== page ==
GICs largely avoid these behavioural issues. Their daily values tick up (never down) due to the money the GIC issuer owes them in the form of accrued interest. If GICs traded on a stock exchange or in a similar secondary market, their daily values would also rise and fall, similar to bond ETFs. Since they don’t, this is really one of those “ignorance is bliss” situations.
No fear of bankruptcy. The Canada Deposit Insurance Corporation (CDIC) covers GICs and other eligible savings up to a maximum of $100,000 in principal and interest – per depositor, per insured category. As long as you stay within these limits, it’s highly unlikely your GIC investment will ever go belly up.
The same cannot be said for some of the bonds in an ETF. Roughly 70% of the underlying bonds in a plain-vanilla Canadian bond ETF like XBB are government-issued, which are unlikely to default. But XBB still invests in about 30% investment grade corporate bonds. While these higher-quality corporate bonds are less likely to default than lower-quality “junk bonds”, the risk is still more than zero.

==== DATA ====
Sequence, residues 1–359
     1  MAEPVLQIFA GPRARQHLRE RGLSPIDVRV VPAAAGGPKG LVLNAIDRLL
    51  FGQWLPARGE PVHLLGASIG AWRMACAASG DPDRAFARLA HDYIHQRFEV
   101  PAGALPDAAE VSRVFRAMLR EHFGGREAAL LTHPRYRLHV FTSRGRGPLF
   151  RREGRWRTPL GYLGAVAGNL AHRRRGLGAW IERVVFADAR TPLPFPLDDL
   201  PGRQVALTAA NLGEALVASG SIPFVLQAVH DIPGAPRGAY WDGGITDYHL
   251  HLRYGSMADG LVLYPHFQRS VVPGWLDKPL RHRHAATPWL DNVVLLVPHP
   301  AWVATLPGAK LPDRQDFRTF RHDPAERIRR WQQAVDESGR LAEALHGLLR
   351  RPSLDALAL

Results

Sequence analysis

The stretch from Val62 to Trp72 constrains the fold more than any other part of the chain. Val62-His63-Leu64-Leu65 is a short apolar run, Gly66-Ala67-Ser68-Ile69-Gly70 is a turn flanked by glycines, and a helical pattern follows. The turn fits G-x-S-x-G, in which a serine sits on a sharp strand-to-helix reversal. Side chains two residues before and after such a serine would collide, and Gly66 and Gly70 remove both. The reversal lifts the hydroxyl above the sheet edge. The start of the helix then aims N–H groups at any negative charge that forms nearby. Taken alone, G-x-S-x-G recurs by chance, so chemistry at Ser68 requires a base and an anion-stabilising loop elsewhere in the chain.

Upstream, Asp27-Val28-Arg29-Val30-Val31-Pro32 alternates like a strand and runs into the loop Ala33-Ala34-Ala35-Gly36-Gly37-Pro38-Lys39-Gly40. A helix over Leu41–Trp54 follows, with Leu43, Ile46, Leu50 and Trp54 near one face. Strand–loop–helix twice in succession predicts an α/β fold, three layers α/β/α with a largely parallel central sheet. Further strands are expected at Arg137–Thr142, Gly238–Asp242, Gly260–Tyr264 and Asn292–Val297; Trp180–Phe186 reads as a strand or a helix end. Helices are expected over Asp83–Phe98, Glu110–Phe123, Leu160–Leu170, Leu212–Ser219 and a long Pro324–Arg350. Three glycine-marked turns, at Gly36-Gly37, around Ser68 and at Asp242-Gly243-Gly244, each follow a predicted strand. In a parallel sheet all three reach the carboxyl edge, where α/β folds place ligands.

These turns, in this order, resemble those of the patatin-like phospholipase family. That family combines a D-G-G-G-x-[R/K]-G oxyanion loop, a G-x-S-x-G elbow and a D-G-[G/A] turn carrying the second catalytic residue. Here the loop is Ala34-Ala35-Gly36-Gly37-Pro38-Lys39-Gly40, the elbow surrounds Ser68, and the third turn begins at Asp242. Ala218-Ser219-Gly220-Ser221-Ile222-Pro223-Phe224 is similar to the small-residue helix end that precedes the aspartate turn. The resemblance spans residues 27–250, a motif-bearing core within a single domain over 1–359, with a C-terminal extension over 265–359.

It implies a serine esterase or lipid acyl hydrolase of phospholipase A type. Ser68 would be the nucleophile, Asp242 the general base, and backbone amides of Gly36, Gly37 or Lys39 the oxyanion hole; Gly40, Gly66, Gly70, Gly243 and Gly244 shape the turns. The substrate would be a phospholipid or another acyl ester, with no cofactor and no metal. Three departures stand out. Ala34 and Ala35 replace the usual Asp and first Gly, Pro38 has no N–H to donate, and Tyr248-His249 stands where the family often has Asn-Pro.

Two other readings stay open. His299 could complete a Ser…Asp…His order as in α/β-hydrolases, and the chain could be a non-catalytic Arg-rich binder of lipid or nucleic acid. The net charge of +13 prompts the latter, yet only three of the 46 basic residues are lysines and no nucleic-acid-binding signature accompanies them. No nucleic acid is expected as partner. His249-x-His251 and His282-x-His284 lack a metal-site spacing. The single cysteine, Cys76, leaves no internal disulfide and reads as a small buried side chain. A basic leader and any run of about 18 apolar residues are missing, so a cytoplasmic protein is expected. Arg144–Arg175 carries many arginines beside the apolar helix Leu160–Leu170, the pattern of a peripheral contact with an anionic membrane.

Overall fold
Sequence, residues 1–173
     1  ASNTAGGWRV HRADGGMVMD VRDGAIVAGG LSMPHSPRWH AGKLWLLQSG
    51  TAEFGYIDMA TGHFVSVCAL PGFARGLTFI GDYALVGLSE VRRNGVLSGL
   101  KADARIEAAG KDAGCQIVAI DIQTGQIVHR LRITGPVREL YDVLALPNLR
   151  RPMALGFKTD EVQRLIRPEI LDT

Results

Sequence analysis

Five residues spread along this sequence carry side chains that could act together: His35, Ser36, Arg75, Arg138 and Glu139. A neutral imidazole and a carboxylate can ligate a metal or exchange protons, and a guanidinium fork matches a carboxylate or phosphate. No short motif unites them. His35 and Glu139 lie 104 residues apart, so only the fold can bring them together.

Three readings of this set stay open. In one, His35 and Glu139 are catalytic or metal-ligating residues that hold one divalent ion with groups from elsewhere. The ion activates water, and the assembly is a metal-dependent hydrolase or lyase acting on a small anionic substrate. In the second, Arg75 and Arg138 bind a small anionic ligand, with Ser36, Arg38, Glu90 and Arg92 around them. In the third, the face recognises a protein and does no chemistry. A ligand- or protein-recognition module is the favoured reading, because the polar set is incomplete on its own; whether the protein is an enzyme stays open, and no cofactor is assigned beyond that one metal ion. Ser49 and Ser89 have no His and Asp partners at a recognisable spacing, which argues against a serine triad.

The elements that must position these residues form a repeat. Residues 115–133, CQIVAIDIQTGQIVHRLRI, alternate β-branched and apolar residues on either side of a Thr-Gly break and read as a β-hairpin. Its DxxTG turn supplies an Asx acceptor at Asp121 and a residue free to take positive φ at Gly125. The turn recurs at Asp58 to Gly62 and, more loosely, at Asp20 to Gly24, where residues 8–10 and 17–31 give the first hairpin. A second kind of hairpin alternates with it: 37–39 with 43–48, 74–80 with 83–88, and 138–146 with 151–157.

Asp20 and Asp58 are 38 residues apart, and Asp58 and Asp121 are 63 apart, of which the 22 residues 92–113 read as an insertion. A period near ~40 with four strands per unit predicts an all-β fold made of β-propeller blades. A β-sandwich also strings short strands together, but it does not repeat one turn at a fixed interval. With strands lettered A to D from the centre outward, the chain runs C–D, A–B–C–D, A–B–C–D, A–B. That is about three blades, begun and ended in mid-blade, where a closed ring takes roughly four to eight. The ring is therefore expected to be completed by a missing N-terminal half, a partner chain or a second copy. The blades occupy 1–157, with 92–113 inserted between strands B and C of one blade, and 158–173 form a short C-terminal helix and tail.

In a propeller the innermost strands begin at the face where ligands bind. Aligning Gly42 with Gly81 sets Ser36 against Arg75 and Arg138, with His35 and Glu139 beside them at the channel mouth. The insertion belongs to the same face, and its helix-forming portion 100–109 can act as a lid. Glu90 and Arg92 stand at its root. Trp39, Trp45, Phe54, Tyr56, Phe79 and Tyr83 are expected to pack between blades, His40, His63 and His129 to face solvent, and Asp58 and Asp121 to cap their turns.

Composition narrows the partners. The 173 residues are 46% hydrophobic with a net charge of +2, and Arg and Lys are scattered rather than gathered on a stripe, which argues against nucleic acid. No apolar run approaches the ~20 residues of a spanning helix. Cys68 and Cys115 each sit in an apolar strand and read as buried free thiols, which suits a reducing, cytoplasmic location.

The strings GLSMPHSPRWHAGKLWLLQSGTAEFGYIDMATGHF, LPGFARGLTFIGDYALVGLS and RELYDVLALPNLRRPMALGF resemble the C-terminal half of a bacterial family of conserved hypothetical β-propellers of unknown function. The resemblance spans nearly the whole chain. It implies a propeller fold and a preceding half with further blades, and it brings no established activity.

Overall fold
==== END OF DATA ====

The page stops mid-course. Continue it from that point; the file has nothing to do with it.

More tax efficient. Currently, most bond ETFs are chock-full of premium bonds. As the name suggests, you end up paying more to purchase underlying premium bonds than you receive when they mature. This results in a capital loss at maturity. To compensate you for this loss, the bonds pay you extra coupon interest. The catch is, in a taxable account, the interest is taxable at your marginal tax rate, which can result in a higher annual tax bill.
GICs don’t have this premium bond issue. When your GIC matures, you receive your original investment back, plus interest along the way.
Advantages of Bond ETFs
Simpler. It’s easier to purchase one bond ETF instead of managing a multi-GIC ladder. This is especially true if you need to take extra care across many accounts to avoid exceeding the CDIC limits. (That said, you do lose CDIC protection if you invest in a bond ETF instead of GICs)